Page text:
Why do leaders today lack these relationship-building skills?
Rigid hierarchical norms destroy trust. Hierarchy distances the executive team from the people they most need to understand – customers, suppliers, and employees. At many large organizations, leaders have traveled so far from the heart of the business that they no longer know how to improve their service or build the next product. Tone-deaf to the voices below them, these leaders make decisions in echo chambers of like-minded colleagues. Bad decisions typically are one of the many bad outcomes from “groupthink.”
Organizations can’t afford the distance that hierarchy imposes. Leaders need to keep channels open to all layers of the organization to provide for multiple lines of input into decisions they are making. They must pay particular attention to contrarian perspectives. In today’s hypercompetitive environment, the competitors who listen are the ones who win.
Much has been written about the importance of empathy. What’s your take on that? Can empathy be taught?
Perfect empathy is aspirational. None of us can completely understand what it means to fully experience life as another person. However, there are many skills and competencies associated with empathy that are teachable and can be mastered. One can be taught how to develop trusting relationships with colleagues at work. One can be taught active listening skills and how to facilitate team meetings that give every member an equal chance to voice an opinion and promote a sense of inclusion and belonging. Leaders can be taught how to coach and mentor less experienced colleagues and how to communicate effectively across the organization. These skills, when mastered, enable leaders to project to their colleagues an authentic empathetic self.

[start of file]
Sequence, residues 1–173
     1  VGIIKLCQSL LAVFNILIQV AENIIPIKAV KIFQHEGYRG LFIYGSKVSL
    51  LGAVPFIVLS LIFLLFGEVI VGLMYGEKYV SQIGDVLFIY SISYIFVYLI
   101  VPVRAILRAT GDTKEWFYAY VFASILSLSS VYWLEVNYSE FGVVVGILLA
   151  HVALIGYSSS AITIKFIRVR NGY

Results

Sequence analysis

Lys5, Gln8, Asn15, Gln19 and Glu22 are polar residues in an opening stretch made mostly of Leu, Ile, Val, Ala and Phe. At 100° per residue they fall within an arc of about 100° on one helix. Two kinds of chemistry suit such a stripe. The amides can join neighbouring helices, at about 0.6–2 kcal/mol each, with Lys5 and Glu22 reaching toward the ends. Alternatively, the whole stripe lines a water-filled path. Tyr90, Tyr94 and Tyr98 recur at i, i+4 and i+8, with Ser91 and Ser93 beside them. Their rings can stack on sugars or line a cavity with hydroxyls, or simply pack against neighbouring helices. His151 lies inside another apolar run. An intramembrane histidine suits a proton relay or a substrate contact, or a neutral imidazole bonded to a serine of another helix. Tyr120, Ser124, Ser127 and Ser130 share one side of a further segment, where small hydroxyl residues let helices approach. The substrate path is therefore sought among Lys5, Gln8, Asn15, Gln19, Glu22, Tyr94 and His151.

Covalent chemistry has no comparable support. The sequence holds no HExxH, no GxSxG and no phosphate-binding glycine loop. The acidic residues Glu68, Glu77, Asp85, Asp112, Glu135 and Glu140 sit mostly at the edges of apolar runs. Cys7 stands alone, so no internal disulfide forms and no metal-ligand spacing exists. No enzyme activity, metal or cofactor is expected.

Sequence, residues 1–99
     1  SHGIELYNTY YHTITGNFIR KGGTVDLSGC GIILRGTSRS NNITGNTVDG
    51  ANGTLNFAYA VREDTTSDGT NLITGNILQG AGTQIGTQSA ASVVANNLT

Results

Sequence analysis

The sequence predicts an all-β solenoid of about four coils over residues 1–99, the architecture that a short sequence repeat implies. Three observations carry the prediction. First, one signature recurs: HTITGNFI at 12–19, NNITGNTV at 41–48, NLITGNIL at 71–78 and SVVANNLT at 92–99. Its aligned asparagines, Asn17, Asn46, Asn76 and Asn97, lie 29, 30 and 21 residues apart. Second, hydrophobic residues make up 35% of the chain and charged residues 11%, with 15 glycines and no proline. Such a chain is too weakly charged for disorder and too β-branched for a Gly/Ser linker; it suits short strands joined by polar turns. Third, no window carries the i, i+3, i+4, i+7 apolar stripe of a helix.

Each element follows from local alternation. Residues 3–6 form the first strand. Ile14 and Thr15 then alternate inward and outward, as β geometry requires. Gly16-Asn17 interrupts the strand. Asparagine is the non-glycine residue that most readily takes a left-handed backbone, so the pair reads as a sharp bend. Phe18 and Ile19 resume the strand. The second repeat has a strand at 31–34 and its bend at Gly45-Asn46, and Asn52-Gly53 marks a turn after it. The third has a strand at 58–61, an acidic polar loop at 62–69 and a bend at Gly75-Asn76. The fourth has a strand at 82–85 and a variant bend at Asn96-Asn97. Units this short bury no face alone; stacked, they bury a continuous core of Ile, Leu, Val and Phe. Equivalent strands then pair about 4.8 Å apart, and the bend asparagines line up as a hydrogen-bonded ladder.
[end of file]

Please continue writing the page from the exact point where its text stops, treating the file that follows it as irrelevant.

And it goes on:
Mursion simulations open the door to greater understanding by giving learners the opportunity to practice these skills and receive data and contextual coaching to further develop their sense of empathy and their leadership competencies at work. Leaders who effectively build trusting relationships with colleagues are more likely to attract and retain top talent. When teams trust one another, they contribute their best ideas without fear. Fearless transparency is necessary for agile decision-making and innovation.
Mursion simulations also enable leaders to develop the skills that make others feel heard, valued, and self-actualized. This creates a culture of inclusion and belonging which allows companies to stay close to their customers and receptive to change.